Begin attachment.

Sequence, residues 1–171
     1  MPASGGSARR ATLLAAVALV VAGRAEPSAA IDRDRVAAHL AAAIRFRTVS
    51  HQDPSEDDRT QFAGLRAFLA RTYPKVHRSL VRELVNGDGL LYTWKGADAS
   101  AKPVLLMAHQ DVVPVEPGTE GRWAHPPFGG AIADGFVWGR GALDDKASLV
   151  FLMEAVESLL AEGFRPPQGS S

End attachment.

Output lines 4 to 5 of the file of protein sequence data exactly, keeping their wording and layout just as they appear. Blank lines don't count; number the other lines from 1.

   101  AKPVLLMAHQ DVVPVEPGTE GRWAHPPFGG AIADGFVWGR GALDDKASLV
   151  FLMEAVESLL AEGFRPPQGS S